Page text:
• After you've soaked for about 10 minutes or so and the acrylic is gummy feeling, you should take one of the  wood sticks that come with a manicure kit, I'm not sure what they are called, to GENTLY push the acrylic off your nails. You would lay it on the top of the first layer of acrylic and gently, at an angle, push the acrylic towards the top of the nail.  (DO NOT attempt to push from the base of the acrylic where it meets the nail. This is what I did with my pinky nail and it's the reason why it broke off in the quick.) 
  • The acrylic should 'flake' off with little pressure. If it gets difficult to push it then you need to soak the nails again. Try soaking in five minute intervals after the initial ten. Before submerging back into the acetone, use an acetone soaked cotton ball to swipe the loose acrylic off your nail.  This keeps from gumming up your acetone.
  • Solvents can become saturated (meaning they can’t dissolve any more solute), so make sure to always use fresh acetone.  For the 2 hours that I sat there, I just continued to use the same acetone that I started with and I think, had I refreshed it, things might have moved faster, even the way I was doing it.
  • You will want to continue this process until all or most of the acrylic is removed. If your nails are particularly thin, pushing, even gently, on your nail is painful after awhile. If that happens you can use your buffer to LIGHTLY buff the remaining acrylic off your nail. Just be sure to use gentle pressure and keep the buffer parallel to your nail.
  • After you've buffed off the remaining acrylic, you are pretty much finished.  But you might want to give your nails a little boost to keep them healthy while the damaged parts are growing out.   You could do that by applying cuticle oil over the ENTIRE nail and the cuticle and leaving it for at least five minutes. Then you will definitely want to apply lotion to your hands. The acetone really dries them out.  
  • After you've applied the lotion, gently wipe the nail with alcohol to cleanse it and then apply a nail strengthener according to directions.  I like Nail Envy, it seems to work pretty well for me.  I would probably reapply the Nail Envy, daily without removing whats already on there.   You could also use it as a base coat for your polish.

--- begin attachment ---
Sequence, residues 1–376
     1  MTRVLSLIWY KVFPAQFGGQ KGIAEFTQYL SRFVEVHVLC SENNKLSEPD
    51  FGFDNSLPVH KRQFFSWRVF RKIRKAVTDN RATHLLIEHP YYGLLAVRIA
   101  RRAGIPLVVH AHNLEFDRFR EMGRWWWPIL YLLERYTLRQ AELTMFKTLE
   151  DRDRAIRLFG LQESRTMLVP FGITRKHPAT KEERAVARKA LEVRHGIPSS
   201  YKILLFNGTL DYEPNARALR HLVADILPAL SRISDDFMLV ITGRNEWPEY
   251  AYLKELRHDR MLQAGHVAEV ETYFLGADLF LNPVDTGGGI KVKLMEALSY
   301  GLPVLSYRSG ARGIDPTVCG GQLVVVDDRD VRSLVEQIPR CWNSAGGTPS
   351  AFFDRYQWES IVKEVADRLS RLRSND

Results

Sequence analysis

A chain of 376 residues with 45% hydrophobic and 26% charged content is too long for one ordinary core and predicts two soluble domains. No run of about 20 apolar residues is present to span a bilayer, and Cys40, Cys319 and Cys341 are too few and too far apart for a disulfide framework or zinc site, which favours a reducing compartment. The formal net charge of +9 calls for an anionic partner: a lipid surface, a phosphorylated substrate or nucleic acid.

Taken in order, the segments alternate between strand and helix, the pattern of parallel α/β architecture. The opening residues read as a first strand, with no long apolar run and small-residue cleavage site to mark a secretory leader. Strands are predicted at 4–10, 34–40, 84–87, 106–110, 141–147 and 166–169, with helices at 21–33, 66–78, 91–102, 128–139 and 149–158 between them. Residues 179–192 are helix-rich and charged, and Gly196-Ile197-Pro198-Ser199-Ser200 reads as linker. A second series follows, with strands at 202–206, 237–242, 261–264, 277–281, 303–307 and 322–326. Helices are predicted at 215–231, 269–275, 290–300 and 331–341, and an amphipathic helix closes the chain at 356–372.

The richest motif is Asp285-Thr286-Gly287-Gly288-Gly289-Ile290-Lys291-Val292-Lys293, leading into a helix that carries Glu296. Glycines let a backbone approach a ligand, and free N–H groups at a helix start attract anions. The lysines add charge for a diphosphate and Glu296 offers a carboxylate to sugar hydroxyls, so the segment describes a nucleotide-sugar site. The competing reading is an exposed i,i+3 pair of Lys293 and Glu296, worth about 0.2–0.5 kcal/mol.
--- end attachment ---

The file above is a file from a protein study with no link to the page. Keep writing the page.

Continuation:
• If your nails are really soft, it would probably be a good idea to cut them down to the tips of your fingers so as to minimize any day to day damage.

The future of my nails:

I am on a mission now to have healthier, stronger nails.  Here's the plan for my dry, brittle nails:
  • Keep nails short. Long nails are more likely to split or break.
  • Use moisturizer. Apply moisturizer to my fingernails and cuticles several times throughout the day and before bed. Possibly wearing cotton gloves while I sleep, to help seal in the moisture.
  • Apply nail polish. A thin coat of clear nail polish can help keep moisture in my fingernails.
  • Limit use of nail polish remover. Don't use nail polish remover more than once a week. When I do need to use nail polish remover, choose the acetone-free variety.
  • Ask doctor about biotin supplements. Changing my diet or taking daily multivitamins isn't likely to strengthen my nails. However, some research suggests that the nutritional supplement biotin might help strengthen weak or brittle fingernails.
  • Drink lots of water.  Since my nails are dry and brittle, it might indicate a lack of moisture, so drinking plenty of water should help.

I hope this helps any of you out there considering removing your own acrylic nails.  Learn from my mistakes!  I will keep you posted on the progress of healing my unhealthy nails.